By Michael Wilbon
Saturday, December 12, 2009
The flames of the brush fire that is the Tiger Woods scandal burn so out of control, they now threaten the career of the greatest golfer and most accomplished athlete on the face of the earth. Certainly he isn't the first athlete to be defeated by the temptation that is infidelity, but it seems possible now he could be the first to be undone by indiscretion.
We now have one whale of a sports story. Tiger Woods wrote on his Web site Friday evening that he is taking an indefinite leave of absence from golf.
The toll of more than a dozen women going public to say they've had sex with Tiger has unnerved him in a way that no opponent, no eight-foot putt, ever has. The world's first billion-dollar athlete finds himself asking forgiveness for philandering from a society that routinely shows more compassion to professional athletes who have been accused of rape and sometimes even murder.
Since every day seems to be worse than the day before, it's quite possible there are worse days to come for Woods. There are questions about painkillers and his condition when he took to the wheel well after midnight Thanksgiving night. Are there more women with more revelations, information that will send sponsors running and spike the sales of the tabloid rags for another two weeks? Maybe Tiger, knowing what we don't know, figures it's simply time to retreat now and begin the process of becoming the person his mom and dad raised him to be, the person he surely was before, like so many other famous men, he tangled with temptation and suffered a TKO.
Whether it's his fame, his success as an international pitchman based on an image of intellect and decency, or his being subject to the agenda of a stunned if naive fan base with its own ideas on sex and, yes, race, the Woods scandal is being treated like nothing we've ever seen. And Woods is now set to pay for it, perhaps dearly.
Long before the mistress count had reached a baker's dozen, which is where it stands as I write these words, it was becoming apparent that a leave of absence might be coming. Looks like a victory for those who have spent the better part of two weeks damning Woods, especially the moralists and hypocrites who would overlook anyone else guilty of the same regrettable behavior, including their fathers, brothers and sons, bosses, co-workers and best friends.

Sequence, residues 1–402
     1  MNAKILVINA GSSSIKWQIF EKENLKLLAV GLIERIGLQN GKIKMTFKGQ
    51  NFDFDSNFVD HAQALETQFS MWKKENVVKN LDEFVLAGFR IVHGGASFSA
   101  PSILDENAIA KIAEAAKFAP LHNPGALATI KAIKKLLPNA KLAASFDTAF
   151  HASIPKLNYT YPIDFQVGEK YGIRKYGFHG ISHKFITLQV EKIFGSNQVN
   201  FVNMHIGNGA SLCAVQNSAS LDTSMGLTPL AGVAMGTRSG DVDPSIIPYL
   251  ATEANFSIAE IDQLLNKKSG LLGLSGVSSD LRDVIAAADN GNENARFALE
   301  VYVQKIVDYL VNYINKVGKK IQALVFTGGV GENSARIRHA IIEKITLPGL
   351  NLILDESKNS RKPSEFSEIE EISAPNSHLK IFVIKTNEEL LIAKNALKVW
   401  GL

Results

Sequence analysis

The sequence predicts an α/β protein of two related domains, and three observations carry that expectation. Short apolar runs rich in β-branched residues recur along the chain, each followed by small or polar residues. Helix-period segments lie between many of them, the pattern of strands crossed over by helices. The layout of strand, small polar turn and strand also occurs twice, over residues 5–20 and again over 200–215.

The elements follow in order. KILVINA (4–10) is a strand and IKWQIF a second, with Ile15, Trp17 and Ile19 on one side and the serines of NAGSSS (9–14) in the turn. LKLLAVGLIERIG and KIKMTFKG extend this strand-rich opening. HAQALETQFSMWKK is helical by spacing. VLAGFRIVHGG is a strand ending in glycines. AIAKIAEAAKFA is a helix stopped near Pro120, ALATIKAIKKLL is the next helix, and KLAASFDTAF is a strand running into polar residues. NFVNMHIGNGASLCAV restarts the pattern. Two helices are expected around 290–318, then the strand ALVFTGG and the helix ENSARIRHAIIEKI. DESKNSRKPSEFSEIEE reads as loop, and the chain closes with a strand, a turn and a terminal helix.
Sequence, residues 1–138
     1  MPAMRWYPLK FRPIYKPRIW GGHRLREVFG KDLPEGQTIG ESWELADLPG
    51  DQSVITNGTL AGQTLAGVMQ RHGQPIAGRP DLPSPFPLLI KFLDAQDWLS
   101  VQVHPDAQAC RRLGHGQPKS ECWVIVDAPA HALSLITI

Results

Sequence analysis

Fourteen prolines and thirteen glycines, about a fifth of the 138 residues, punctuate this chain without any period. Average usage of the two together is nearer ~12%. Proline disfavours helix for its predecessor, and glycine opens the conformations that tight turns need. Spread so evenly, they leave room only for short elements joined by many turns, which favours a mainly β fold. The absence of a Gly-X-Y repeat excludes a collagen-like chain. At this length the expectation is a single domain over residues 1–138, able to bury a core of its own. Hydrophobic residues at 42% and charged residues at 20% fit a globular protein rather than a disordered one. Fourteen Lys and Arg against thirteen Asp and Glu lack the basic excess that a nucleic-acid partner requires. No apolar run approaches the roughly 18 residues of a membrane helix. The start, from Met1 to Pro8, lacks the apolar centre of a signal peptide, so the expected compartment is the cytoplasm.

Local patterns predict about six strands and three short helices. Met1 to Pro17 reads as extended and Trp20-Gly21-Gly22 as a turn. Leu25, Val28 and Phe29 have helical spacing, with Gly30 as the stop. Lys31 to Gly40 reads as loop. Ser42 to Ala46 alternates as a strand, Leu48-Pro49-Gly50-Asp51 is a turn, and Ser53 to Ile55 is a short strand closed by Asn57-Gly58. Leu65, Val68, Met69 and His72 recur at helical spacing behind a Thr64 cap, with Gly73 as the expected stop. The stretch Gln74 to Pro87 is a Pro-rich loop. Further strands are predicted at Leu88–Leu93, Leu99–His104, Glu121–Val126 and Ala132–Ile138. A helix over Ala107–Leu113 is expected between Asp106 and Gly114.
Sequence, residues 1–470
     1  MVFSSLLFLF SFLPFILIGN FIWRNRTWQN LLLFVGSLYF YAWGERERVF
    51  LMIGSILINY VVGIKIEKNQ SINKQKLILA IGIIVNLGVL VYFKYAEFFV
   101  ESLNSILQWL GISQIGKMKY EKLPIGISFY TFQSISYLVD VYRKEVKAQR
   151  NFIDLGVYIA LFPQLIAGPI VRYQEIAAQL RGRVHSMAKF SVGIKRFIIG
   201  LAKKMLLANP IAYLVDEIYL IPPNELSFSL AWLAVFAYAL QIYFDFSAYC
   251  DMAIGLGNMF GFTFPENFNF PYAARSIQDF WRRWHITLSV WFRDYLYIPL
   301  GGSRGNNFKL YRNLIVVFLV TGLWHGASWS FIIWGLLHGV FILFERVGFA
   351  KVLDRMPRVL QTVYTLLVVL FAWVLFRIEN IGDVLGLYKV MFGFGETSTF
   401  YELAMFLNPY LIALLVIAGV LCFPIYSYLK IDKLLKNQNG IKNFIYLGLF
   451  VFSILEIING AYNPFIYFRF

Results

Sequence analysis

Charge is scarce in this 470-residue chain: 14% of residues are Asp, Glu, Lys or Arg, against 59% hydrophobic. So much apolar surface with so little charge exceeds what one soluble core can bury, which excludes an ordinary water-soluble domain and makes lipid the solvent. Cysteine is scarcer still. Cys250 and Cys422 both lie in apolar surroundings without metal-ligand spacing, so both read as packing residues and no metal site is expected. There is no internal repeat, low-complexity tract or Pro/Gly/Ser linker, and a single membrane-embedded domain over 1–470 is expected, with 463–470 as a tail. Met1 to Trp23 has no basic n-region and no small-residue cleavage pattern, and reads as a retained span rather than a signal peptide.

Substitute the name of almost any famous actor, band member, rapper or reality celebrity and ask yourself if the reaction to that man's behavior would be the same as the overreaction to Woods's dalliances. The only reaction I've seen that makes any sense to me is Jack Nicklaus's response that the whole affair is "none of my business." Nicklaus appears to be in a group so small it could fit in a phone booth.
There's no doubt Woods could use some time to get his life together and try, difficult as it might be, to earn forgiveness from his wife and family. But essentially, the people who now consider themselves righteous enough to tell people how to live their lives, presumably perfect people like columnist friends that I didn't know had degrees in counseling, must have what they want now. Woods is going away.
If we're talking about sports, the big loser, of course, will be professional golf. Television audiences will be cut in half, perhaps more. Who knows what will happen here in Washington to the tournament in Woods's name that is scheduled to go to Philadelphia this year and next, then return to Washington in 2012. Who knows what the members at Congressional Country Club think now about being affiliated with a tournament hosted by Tiger Woods. The day before Thanksgiving, it was perhaps the most desired association in all of sports; now that TW logo might represent more baggage than anyone in the conservative golf community wants to carry.
For the past 10 years, Tiger Woods has been the dominant athlete in the world. It's possible he's better at golf than any athlete is at any sport. The telegenic Arnold Palmer popularized professional golf in the 1950s; Woods took it to new and unimaginable heights in the 1990s and oughts. A man considered black in America became the face of the whitest sport on the planet, in the process redefining what we thought of mental toughness, competitive intelligence and grace under athletic pressure. His winning the U.S. Open on a broken leg in 2008 remains one of the sublime achievements in the history of sports.
In 45 years of obsessively following sports, first as a child and then as a sportswriter, almost nothing has given me the joy of watching Muhammad Ali box, Michael Jordan play basketball and Tiger Woods play golf. And from the looks of golf television ratings, Wood's pre-Thanksgiving popularity and his bank account, I'm not the only one who put him in that company.
Now, under the strangest circumstances and for reasons that have nothing to do with his craft, every attribute Woods ever imagined he had will be tested. He frequently scoffed when it was suggested that getting married would change his life and, as a result, his career. Turns out, it wasn't a concern he should have taken so for granted.